UM’s master of public administration program earns prestigious accreditation

Faculty and staff for the University of Montana’s MPA program include, (left to right): Paul Kirgis, dean of the Alexander Blewett III School of Law; Erin Keenan, development director; Sara Rinfret, associate professor, chair, Department of Public Administration and Policy, and MPA director; and Anthony Johnstone, professor of law and affiliated professor of public administration. (Dave Stalling/Missoula Current)

After a lengthy and rigorous process, the University of Montana’s master of public administration program recently received accreditation from the Network of Schools of Public Policy, Affairs and Administration, making it the only such accredited program in the state and one of 183 currently listed as accredited by NASPAA. 

Sara Rinfret, chair of the UM Department of Public Administration and Policy and MPA director, said the accreditation allows UM to “elevate its commitment of excellence in law, policy and public service.”

The nonprofit NASPAA is the “global standard in public service education,” Rinfret said. “Accreditation will help us draw more students, place more students in internships and help our graduates find jobs.” 

The MPA program prepares pre-career and mid-career professionals for work in the public and nonprofit sectors in fields such as public administration, public policy and public affairs.

Part of the Alexander Blewett III School of Law, program courses include human resource management, administrative law, strategic planning and leadership, legislation, nonprofit administration and policy analysis. 

“We prepare students for careers in government and nonprofits,” Rinfret said. “Our graduates might, for example, end up working as an environmental regulator, or a chief of staff, or a budget analysist.”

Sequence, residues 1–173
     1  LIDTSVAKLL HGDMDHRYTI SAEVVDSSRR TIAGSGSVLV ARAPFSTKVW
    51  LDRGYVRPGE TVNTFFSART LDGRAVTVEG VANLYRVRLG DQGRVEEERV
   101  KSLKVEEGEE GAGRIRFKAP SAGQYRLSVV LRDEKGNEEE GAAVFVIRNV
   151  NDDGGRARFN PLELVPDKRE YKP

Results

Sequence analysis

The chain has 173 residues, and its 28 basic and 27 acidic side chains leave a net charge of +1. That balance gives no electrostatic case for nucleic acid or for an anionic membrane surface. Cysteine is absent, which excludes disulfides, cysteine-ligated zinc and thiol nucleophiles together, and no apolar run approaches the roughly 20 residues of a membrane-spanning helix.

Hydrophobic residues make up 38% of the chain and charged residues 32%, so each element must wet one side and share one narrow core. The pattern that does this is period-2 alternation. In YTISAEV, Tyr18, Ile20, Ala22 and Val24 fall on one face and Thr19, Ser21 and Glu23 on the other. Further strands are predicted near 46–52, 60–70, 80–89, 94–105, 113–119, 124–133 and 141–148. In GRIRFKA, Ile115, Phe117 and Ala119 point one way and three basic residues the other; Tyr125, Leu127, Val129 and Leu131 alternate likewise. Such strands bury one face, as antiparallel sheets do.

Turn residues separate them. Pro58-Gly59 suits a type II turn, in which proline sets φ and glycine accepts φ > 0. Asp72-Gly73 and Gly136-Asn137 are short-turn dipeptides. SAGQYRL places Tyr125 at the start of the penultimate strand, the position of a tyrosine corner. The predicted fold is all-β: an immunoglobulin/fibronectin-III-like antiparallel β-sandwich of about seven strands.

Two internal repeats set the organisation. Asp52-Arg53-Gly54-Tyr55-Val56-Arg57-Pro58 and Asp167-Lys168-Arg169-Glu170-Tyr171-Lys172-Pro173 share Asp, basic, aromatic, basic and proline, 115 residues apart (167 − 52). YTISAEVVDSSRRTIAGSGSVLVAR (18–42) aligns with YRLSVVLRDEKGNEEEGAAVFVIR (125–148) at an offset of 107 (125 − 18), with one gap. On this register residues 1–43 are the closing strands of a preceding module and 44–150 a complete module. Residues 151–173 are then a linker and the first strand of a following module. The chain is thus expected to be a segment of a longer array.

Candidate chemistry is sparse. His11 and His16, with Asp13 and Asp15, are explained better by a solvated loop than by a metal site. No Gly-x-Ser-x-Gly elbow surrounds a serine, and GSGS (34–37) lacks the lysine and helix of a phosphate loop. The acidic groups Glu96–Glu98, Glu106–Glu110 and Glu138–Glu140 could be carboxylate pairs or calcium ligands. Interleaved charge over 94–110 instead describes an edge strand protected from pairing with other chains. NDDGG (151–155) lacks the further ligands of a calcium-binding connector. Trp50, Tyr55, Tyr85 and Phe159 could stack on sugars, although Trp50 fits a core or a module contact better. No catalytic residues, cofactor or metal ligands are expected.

Established in 1976, UM’s MPA program offers students the ability to complete their degree online or in person, providing flexibility for public and nonprofit professionals to advance their careers.

The curriculum allows students to customize their degree by specializing in nonprofit administration or seek a joint degree in law or public health. Many students elect to add a certificate in public policy, nonprofit administration or natural resource conflict resolution.

In addition to being Montana’s only accredited MPA program, UM’s MPA degree is the nation’s only accredited one positioned within a law school.

The MPA program is housed within the School of Law’s Max S. Baucus Institute, named for Montana’s longest serving U.S. senator. Baucus, now retired, represented Montana in the Senate for 36 years, from 1978 to 2014, and also served in the U.S. House of Representatives from 1975 to 1978, and as the U.S. ambassador to China from 2014 to 2017. 

According to its website, the Baucus Institute aims to bring together diverse policy makers, lawyers, politicians, leading academics and students as an “extension of the important bipartisan, consensus-building public service exemplified by Max S. Baucus.” 

“We are thrilled to be the only law school in America with a nationally accredited MPA program,” said Paul Kirgis, dean of the School of Law. “The MPA complements our strong emphasis on public service in our law school, while creating new opportunities for collaborations among faculty and joint programming for students.”

Criteria for accreditation included a thorough assessment and evaluation of the school’s courses, cultural awareness and diversity, integrity, ethical conduct, fairness accountability, transparency and serving the public interest. 

To maintain its accreditation, the school must submit an annual accreditation maintenance report. 

In addition, the UM School of Law’s MPA program has teamed up with Carroll College’s Department of Political Science, in Helena, to offer the first ever “4 + 1” program in Montana – allowing participating students to finish up their bachelor and MPA degrees in five years, instead of the traditional six or more years, and with less financial burden. 

“It’s a model program for our state,” said Carroll College President John Cech, “because it seeks to provide a quicker path to work force success   

The University of Montana’s MPA program has enjoyed enrollment growth since 2017, with more than 100 students.

“We have an amazing team of faculty serving our students,” Rinfret said. “Our enrollment increase is because of our department’s dedication to student success, flexibility in course delivery and cutting-edge curriculum for public service professionals.”

To learn more about UM’s MPA program, click here:  https://www.umt.edu/law/mpa/master/default.php